2

I see the phrase "started a start-up company" more and more these days, and feel that it is redundant, and the speaker is ignorant or using stock phrases without thinking. Any company we start would always be a start-up, right ?

Would "started a company" mean the exactly same ? I mean, it is not like we can start a well-established decade-old company, right ?

  • Use "founded" instead of "started" there. – Robusto Oct 21 '15 at 17:06
  • Well , even "founded a start-up company" is redundant , while "founded a company" is good enough. – Prem Oct 21 '15 at 17:08
  • "start-up" just means "new". – user140086 Oct 21 '15 at 17:14
  • 2
    Note that all implicit semi-redundancies do not need to be resolved. There is nothing inherently wrong with starting a start-up, shooting a shot, or drinking a drink. – Robusto Oct 21 '15 at 17:37
  • 1
    I liked your question and the options you decided to go with. +1 It even generated the following possibility for a future question: "Does 'investing in a mature start-up' contain an oxymoron?" – Papa Poule Oct 21 '15 at 18:14
4

I hear what people say, but start-up company has a particular meaning, that is a little more than simply a company which gets started.

For that reason I think you should retain start-up company.

But you could perhaps say He/She began/initiated a start-up company or ...was responsible for a start-up company.

However the latter does not necessarily mean they were there at the very beginning.

  • 1
    As per WordWeb , "start-up" == "A new business" , while en.wikipedia.org/wiki/Startup_company shows many (non-standard) Definitions of start-up. I think you have a point about particular meanings, +1 , but many people (in general) do not know about those particular meanings, and use "start-up" as a stock phrase to mean "new", in which case it is redundant. When I have to use such a phrase, I will use your advice about "initiated" or "founded" (courtesy of @Robusto) and atleast avoid the glaring redundancy. – Prem Oct 21 '15 at 17:32
2

Any company we start would always be a start-up, right? Would "started a company" mean the exactly same?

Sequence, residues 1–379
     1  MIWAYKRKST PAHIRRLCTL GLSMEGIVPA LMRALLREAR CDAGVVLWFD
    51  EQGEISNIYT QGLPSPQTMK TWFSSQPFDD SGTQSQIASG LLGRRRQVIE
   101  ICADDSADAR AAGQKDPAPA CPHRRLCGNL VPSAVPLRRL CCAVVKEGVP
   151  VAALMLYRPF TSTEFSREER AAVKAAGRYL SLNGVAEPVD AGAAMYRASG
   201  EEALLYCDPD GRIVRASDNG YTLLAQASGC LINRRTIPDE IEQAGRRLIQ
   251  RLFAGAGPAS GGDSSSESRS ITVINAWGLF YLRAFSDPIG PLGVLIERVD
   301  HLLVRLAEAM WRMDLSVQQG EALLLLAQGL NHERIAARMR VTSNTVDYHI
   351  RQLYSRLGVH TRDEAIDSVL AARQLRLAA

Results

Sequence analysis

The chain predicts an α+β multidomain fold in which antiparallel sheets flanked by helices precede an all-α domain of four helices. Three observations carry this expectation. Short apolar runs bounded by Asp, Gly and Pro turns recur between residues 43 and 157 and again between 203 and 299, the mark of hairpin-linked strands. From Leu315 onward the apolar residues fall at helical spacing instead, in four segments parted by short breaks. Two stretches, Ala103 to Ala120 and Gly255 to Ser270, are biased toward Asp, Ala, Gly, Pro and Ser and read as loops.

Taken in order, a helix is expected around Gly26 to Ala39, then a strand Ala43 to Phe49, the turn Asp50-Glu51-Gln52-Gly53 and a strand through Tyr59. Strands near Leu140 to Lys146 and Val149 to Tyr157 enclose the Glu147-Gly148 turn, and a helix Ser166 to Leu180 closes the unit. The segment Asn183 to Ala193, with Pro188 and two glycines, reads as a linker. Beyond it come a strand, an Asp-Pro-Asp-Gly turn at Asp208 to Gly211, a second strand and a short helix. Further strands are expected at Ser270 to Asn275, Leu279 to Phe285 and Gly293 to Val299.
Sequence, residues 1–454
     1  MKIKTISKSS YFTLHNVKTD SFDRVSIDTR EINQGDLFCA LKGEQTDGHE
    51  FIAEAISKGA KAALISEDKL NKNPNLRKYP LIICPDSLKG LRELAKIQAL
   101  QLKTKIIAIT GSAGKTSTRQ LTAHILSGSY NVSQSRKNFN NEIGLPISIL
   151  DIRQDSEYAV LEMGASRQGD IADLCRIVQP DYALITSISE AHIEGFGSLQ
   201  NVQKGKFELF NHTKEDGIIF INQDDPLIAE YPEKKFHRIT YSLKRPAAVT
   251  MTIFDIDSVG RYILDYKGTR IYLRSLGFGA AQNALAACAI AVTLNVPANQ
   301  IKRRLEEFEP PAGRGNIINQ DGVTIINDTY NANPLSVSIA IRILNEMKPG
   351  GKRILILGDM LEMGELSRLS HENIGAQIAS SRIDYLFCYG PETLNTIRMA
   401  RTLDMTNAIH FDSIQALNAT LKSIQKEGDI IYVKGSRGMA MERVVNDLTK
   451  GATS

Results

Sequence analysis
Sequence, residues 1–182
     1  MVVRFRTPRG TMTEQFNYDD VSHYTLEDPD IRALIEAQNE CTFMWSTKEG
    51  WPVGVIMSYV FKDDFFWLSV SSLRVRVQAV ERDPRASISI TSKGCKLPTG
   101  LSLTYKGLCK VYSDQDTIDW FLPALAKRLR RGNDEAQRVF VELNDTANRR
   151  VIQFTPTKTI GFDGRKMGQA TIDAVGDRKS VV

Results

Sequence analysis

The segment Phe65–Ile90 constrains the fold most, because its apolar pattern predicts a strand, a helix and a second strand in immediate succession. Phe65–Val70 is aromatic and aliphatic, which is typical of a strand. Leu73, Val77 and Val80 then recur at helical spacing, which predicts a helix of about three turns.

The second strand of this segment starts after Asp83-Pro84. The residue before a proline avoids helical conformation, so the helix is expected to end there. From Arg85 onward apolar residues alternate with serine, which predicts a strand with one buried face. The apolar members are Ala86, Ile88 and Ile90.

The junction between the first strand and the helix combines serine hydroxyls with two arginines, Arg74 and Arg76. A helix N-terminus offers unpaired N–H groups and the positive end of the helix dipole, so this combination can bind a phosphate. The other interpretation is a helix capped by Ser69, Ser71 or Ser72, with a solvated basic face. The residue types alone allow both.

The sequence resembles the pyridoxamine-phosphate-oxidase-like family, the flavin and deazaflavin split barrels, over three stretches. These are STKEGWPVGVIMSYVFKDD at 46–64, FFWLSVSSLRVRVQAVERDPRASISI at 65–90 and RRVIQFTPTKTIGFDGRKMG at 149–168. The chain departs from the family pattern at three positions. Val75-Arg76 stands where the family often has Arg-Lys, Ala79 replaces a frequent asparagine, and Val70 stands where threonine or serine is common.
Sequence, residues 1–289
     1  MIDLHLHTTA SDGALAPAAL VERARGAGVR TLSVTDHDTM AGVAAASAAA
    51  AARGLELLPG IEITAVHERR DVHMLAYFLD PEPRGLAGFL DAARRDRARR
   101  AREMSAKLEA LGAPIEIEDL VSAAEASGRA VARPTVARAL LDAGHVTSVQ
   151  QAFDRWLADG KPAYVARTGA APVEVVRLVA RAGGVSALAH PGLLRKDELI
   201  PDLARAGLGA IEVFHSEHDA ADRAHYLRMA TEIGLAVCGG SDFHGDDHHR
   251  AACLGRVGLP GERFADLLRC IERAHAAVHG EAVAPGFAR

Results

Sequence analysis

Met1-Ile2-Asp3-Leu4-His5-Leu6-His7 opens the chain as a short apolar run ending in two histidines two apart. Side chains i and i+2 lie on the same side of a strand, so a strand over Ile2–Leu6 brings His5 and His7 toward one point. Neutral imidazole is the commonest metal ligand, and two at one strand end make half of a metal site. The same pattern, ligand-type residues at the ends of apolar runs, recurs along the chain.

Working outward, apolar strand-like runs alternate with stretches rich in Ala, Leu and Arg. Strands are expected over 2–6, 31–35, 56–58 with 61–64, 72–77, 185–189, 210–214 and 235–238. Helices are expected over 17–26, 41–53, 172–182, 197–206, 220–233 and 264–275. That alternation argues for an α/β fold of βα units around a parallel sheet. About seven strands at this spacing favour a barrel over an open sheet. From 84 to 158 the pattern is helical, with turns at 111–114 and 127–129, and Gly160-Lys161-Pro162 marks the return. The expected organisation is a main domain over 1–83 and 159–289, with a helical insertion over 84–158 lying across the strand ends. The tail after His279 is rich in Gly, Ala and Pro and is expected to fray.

Not necessarily. There's quite a number of definitions:

start-up: a new small company or business, especially one whose work involves computers or the Internet (Longman)

Wikipedia has an insightful section about this very topic. Here are some definitions:

A company, a partnership or temporary organization designed to search for a repeatable and scalable business model.

According to this definition, if you start a restaurant (where the business model is well-known, so no need to search for it), you are not founding a start-up.

Another definition:

A startup is a company designed to grow fast. Being newly founded does not in itself make a company a startup. Nor is it necessary for a startup to work on technology, or take venture funding, or have some sort of "exit". The only essential thing is growth.

A recently started small "mom-and-pop" store that has no plans to conquer the world would probably not fit this definition.

There are more definitions, and not every new company would be a start-up according to all (and, I think, most) of them.

So when people say that someone started a start-up, they most likely mean a new, ambitious, trailblazing (possibly, tech) company that's trying to disrupt the market and grow super fast.

Edit: It's been suggested by others that "started a start-up" is somewhat tautological, and I tend to agree. At least in writing, I'd prefer "He founded a start-up" or similar.

  • +1 , but [[ forbes.com/sites/natalierobehmed/2013/12/16/what-is-a-startup : “startup” has been bandied around with increasing frequency . . . .Those who sip the startup Kool-Aid define it as a culture and mentality of innovating on existing ideas to solve critical pain points . . . “Startup is a state of mind,” . . . According to Merriam-Webster, start-up means “a fledgling business enterprise.” . . . Therein lies the rub – to be a startup, you must have set up shop recently. ]] Beyond all these non-standard (non-consistent) Definitions , start-up means new , to most folks. – Prem Oct 21 '15 at 17:42
  • I agree in that being recently founded is essential, but not sufficient for many definitions of the word "start-up". But yeah, therein lies the rub. No argument there. – A.P. Oct 21 '15 at 17:45
0

very good detailed breakdown @A.P., I also hear much usage of "start-up/startup" in reference to a phase of a company (i.e. Our company is in startup mode)... it seems more connected to a period in a company's history, rather than a "type" of company.

But yes, @Prem, I believe "I founded a company" is the correct way of phrasing the idea without redundancy..

  • I think you were not able to comment on the answer by @AP because of shortage of reputation points , so +1 from me , for the insight about "history" rather than "type". – Prem Oct 22 '15 at 17:03

Your Answer

By clicking “Post Your Answer”, you agree to our terms of service, privacy policy and cookie policy

Not the answer you're looking for? Browse other questions tagged or ask your own question.